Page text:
Put Me In, Coach!
This morning, as I read the latest stories about opioid overdose deaths, I was struck by a common thread in most of the tragic stories. One report after another had phrases like ‘she was in and out of treatment for years’ or ‘he died tragically one month after leaving treatment.’
I often wonder, if we treated opioid dependence as if we were treating any other fatal illness, would the death rate be lower? What practice measures would result from such an approach?
First, we would remove the veil of low-expectation that keeps us from realizing the ineffectiveness of ‘residential treatment.’ Once the low expectations are gone, huge questions would come to light. Why does something so ineffective continue to be seen as the gold standard for treating a potentially fatal illness?
We know that opioid dependence is a chronic condition, marked by relapse. What should be our measure of ‘success,’ when treating opioid dependence? Is the treatment in a given individual a success, if that person dies within a year? Within 5 years? Does cost matter? Should we expect better results for $50,000 then we would for, say, $2,000?
Expectations for good results with addiction treatment have been lowered over the years by the absence of other options, the assumption, conscious or unconscious, that addiction is more of a choice than a disease, and by an indifference to the loss of people who often turn friends, family, and society against them. Instead of seeing a loved one destroyed by illness, people see those with addictions as foolish people, hurting themselves. By the time death by overdose occurs, those close to an addicted person see death as inevitable; even as a blessed relief in some cases.
For decades, the public perception of residential treatment has benefitted from the fact that nothing better was available. ‘Send him to treatment’ has become a phrase uttered without thinking; a suggestion that implies a great deal, yet offers almost nothing. Perceptions of such treatments have also benefitted from abdicating responsibility for their failures. When patient after patient does poorly, those providing such treatments hide behind the assumption that failure was the patients fault. If only he ‘wanted it’ more!
What if we expected our teenage children to survive addiction? What then? Again, I think it is illuminating to substitute a different chronic disease, to get past the stigma that we all have over addiction. Would we expect insurers to pay $50,000 for a knee replacement that worked 10% of the time? Would we go to cancer doctors whose treatment approach had a 10% success rate? Maybe—but only if nothing worked better!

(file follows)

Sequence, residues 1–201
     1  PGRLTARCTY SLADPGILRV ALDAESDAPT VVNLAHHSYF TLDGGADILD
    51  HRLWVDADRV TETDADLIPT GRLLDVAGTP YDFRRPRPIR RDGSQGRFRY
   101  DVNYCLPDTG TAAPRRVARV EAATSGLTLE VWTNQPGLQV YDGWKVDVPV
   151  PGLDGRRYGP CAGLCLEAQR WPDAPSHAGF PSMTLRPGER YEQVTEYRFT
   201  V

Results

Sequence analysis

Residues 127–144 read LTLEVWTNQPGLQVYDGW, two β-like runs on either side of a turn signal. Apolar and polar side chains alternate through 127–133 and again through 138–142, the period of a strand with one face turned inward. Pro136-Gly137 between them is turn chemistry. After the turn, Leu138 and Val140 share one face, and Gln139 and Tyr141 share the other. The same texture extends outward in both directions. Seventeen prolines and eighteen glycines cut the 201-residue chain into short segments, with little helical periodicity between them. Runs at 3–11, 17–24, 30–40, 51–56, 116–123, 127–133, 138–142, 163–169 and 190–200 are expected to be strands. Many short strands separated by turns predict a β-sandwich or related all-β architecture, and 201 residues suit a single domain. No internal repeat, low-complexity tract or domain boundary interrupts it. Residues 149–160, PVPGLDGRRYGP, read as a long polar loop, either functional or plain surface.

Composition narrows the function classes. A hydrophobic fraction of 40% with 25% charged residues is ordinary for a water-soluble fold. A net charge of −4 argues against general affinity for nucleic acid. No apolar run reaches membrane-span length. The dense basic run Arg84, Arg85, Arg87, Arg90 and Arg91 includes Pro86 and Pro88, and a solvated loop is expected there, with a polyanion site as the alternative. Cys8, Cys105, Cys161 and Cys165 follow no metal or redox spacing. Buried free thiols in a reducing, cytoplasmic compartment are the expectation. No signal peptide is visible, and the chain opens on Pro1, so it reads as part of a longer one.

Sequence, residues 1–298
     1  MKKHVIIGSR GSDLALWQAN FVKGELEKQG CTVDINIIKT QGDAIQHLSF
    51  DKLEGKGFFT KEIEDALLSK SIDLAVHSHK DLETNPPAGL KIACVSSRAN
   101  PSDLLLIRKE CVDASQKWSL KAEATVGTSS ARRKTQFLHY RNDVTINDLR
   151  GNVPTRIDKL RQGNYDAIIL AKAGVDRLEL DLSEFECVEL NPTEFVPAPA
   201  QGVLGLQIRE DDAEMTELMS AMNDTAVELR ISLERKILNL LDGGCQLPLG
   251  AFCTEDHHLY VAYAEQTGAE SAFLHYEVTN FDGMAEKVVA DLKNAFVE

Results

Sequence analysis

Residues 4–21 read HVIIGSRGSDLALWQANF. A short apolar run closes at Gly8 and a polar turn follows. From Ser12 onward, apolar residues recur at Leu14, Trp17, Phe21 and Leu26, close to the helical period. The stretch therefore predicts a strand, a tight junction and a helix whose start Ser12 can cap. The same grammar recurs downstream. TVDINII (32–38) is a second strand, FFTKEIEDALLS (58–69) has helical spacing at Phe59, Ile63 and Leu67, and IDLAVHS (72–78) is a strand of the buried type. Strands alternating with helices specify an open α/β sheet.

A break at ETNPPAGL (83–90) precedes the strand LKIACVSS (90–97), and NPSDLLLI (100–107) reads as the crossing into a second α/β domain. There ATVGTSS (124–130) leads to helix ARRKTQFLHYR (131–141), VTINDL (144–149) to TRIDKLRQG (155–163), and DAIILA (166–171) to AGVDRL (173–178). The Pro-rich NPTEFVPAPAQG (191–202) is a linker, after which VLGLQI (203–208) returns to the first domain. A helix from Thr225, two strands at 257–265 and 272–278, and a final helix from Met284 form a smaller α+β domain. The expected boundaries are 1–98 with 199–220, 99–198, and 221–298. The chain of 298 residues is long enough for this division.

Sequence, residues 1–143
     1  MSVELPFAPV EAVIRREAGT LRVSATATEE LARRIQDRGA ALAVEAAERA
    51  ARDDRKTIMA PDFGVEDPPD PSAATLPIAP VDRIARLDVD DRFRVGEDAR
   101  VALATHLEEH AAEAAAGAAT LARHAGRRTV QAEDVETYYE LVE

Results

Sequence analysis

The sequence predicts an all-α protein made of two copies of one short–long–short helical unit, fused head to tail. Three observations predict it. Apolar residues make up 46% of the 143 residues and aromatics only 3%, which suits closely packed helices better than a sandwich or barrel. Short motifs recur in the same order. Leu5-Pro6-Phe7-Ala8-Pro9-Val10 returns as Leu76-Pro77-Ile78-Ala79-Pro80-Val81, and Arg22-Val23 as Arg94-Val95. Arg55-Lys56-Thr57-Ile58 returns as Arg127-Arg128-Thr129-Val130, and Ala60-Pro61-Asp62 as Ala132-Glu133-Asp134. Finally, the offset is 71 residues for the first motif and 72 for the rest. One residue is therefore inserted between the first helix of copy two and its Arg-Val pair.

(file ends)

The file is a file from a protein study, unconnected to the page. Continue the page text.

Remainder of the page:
What if your asthma doctor took no responsibility for failing to effectively treat 90% of his/her patients? What if your doctor simply blamed you when the prescribed treatment failed, and you lost everything because of your illness? What if, when your child suffered brain damage from a diabetic coma, his doctor eschewed responsibility by saying that he just wasn’t ready for treatment yet?
As a physician, I’m frustrated that insurers will throw large sums of money at treatment approaches that rarely work, yet pay little or nothing for the intensive, medical care required to treat those with addictions. A $10,000 orthopedic bill is considered reasonable for the one-hour surgery to repair an anterior cruciate ligament. For $10,000, a psychiatrist could see an individual patient every week, for over a year! THAT level of intensity could truly result in positive change. It would appear to be in an insurer’s best interest to cover such treatment, as recovery from addiction would surely reduce overall healthcare expenditures. I try to avoid the cynical conclusion that insurers save even more by allowing treatment to fail, since those patients soon lose their job and coverage—- and cost the insurer nothing.
And then the rub: would a psychiatrist, seeing an addicted person weekly for a year, have a success rate greater than 10%? I guess that’s a good question. I just wish we could try!
Man with pills photo available from Shutterstock
Junig, J. (2012). Put Me In, Coach!. Psych Central. Retrieved on January 20, 2017, from http://blogs.psychcentral.com/epidemic-addiction/2012/09/put-me-in-coach/